Terminology needed to discuss organisms responsible for removal of ammonia & nitrite in wastewater treatment plants
Almost every textbook and lecture on wastewater discusses nitrification (the conversion of ammonia into nitrate) is due to the action of two separate species of bacteria.
Nitrosomonas sp. - are a bacterial species that oxidizes ammonia into nitrite. Nitrosomonas is a common ammonia oxidizing bacteria or (AOB). Nitrosomonas is an obligate aerobe that thrives in mesophilic waters with pH from 7.5 - 8.2 as it requires ammonia (NH3-N) form for growth. Lower pH decreases nitrogen in NH3 or free ammonia form, thereby decreasing Nitrosomonas growth rates. Other AOB include Nitrosococcus and Nitrospira.
Nitrobacter sp. - are bacteria that oxidize nitrite into nitrate (the second step mentioned in textbooks). These organisms are also called nitrite oxidizing bacteria (NOB) Other bacteria known for nitrite oxidation include Nitrobacter, Nitrococcus, Nitrospina, and Nitrospira.
Now there is another ammonia oxidation step:
Ammonia Oxidizing Archaea (AOA) - are less well known ammonia oxidizers, but are very important in marine environments and in areas not exploited by AOB. In wastewater systems, you would find AOA in systems with lower pH as many AOA can also utilize nitrogen in the NH4+ form. Researchers are still exploring the diversity of the AOA and how they impact ammonia oxidation in wastewater treatment plants.
In addition to discovery of new organisms responsible of ammonia and nitrite removal, research and system design is moving into new directions based on ecological niche and some unusual organisms. Below are the newer ideas in ammonia and nitrite removal in wastewater treatment.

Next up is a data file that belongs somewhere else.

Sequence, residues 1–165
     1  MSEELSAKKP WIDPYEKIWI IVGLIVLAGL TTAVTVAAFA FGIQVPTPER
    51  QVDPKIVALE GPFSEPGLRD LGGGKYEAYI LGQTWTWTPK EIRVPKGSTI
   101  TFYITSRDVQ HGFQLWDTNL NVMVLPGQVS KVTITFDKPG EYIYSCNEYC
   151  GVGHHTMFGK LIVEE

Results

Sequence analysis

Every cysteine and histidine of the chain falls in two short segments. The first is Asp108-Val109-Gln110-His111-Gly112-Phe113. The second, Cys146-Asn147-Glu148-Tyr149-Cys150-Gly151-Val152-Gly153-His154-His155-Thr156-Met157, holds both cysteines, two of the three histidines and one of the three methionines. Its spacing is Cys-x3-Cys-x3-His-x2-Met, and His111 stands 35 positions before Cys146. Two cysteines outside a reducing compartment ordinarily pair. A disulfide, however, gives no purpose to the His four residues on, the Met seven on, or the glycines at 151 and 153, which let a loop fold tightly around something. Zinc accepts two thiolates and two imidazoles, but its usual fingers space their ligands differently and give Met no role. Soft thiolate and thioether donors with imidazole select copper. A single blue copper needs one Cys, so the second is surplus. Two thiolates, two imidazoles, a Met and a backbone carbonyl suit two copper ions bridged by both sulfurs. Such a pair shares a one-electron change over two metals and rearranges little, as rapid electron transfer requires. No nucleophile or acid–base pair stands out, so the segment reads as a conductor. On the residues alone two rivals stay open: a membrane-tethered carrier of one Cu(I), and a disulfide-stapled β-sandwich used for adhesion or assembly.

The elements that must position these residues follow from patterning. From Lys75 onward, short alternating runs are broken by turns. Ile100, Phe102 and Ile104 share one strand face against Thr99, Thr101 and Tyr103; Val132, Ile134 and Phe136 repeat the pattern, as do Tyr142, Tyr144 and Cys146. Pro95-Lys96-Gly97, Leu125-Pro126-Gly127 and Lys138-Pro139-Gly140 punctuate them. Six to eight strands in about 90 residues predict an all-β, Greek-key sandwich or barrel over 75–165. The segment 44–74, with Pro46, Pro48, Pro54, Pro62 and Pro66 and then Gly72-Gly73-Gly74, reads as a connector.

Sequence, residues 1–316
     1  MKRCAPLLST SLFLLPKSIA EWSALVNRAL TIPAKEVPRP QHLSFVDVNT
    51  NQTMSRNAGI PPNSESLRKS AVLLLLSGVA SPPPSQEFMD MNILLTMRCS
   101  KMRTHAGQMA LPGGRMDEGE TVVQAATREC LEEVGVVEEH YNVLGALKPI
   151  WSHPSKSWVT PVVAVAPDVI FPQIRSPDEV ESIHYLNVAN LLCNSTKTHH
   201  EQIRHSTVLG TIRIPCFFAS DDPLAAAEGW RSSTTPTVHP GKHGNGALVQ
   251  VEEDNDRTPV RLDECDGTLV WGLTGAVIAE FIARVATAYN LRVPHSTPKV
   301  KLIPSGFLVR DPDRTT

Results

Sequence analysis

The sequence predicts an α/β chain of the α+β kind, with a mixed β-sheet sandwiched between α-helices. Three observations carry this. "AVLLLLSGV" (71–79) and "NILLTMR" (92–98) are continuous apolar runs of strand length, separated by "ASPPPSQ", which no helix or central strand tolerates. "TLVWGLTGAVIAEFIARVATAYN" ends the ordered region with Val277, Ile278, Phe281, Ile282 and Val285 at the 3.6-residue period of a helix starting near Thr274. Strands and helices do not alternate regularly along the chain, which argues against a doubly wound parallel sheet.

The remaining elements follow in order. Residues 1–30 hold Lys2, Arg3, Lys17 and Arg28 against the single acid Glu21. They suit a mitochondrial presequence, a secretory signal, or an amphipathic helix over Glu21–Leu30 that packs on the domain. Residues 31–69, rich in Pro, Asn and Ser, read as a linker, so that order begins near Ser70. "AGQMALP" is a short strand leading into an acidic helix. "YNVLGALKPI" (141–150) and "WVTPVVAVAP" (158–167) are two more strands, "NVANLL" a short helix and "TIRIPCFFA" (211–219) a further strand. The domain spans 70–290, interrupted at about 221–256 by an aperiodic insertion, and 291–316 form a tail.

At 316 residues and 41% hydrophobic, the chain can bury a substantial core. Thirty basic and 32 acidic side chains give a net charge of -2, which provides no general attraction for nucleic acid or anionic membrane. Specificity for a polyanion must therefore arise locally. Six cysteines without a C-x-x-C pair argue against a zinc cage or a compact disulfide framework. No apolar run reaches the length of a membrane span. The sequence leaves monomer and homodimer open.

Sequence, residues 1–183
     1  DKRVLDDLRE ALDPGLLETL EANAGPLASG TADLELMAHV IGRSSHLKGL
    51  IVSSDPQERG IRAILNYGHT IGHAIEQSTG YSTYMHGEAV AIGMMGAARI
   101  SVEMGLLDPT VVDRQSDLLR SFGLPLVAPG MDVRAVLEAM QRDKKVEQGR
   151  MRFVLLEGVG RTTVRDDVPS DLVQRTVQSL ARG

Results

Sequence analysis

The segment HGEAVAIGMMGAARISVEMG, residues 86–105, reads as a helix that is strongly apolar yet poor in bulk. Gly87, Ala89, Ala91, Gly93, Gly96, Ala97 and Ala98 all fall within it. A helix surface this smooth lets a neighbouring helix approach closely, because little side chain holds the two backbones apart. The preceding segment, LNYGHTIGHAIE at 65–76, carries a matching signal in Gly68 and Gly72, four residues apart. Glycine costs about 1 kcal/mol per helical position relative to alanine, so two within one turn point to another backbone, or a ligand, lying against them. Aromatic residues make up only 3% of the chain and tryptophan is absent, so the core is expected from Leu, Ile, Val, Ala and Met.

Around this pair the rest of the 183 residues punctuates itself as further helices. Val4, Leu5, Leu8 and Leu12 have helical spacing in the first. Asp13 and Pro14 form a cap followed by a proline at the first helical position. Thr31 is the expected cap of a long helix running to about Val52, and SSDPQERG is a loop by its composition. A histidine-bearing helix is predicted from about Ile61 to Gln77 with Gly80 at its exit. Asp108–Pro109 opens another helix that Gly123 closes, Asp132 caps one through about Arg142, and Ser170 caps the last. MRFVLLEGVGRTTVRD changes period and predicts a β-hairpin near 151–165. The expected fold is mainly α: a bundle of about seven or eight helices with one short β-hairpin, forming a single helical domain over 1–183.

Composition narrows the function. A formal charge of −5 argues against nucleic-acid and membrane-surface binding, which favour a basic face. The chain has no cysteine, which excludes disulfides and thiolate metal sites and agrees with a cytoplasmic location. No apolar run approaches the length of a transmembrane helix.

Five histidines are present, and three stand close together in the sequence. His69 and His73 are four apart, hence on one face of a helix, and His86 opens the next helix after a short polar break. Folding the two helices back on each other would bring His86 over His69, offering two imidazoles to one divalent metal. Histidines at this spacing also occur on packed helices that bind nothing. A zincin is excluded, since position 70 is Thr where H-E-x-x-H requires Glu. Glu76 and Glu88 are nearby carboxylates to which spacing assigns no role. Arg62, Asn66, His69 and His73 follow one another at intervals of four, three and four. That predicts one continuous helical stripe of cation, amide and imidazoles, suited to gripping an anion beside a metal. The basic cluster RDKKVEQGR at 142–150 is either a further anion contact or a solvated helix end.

Anaerobic Ammonia Oxidation (ANAMMOX) - involves the aerobic conversion of some influent ammonia into nitrate (the action of AOB & AOA). Under anaerobic conditions, an unusual group of bacteria can use NH4+ + NO2− → N2 + 2H2O. With ANAMMOX technology, oxygen requirement for ammonia & nitrite removal are lowered. However, ANAMMOX cultures are slow growing and require monitoring to ensure proper growth conditions exist.
Complete Ammonia Oxidation (COMAMMOX) - with recent genetic testing, researchers have found Nitrospira organisms that have the ability to oxidize both ammonia to nitrate - which is both steps in one organism. At Aster Bio, we have found significantly higher concentrations of Nitrospira in industrial wastewater treatment plants than any other AOB or NOB. Our molecular testing using both 16s Microbial Community Analysis and qPCR testing has found most aerobic nitrification activity is from a combination of Nitrospira and Nitrosomonas activity.
Your wastewater treatment plant has great quality effluent. Warm temperatures during summer helps by increasing bacteria activity. Once water temperatures reach the 20 - 35 degree C range, bacterial activity increases significantly as temperatures reach the ideal range for most organisms. The warm weather also can bring problems with insect pests including red worms. Tiny midge flies lay their eggs in wastewater treatment plants. Once the eggs hatch, midge larvae live on your microbial biomass or MLSS.
In normal waters, midge larvae feed on decaying plant materials and associated decomposing bacterial/fungi. While this helps recycle nutrients in nature, the larvae finding an abundant food source in with wastewater MLSS can cause a major loss of total solids. Faster growing heterotrophic bacteria can usually keep up with the problem. It is the slower growing AOB/NOB and PAO organisms that are most effected during a midge fly outbreak.
What can be done? The EPA has approved two options for combatting midge fly larvae.
Erik Rumbaugh has been involved in biological waste treatment for over 20 years. He has worked with industrial and municipal wastewater facilities to ensure optimal performance of their treatment systems. He is a founder of Aster Bio (www.asterbio.com) specializing in biological waste treatment.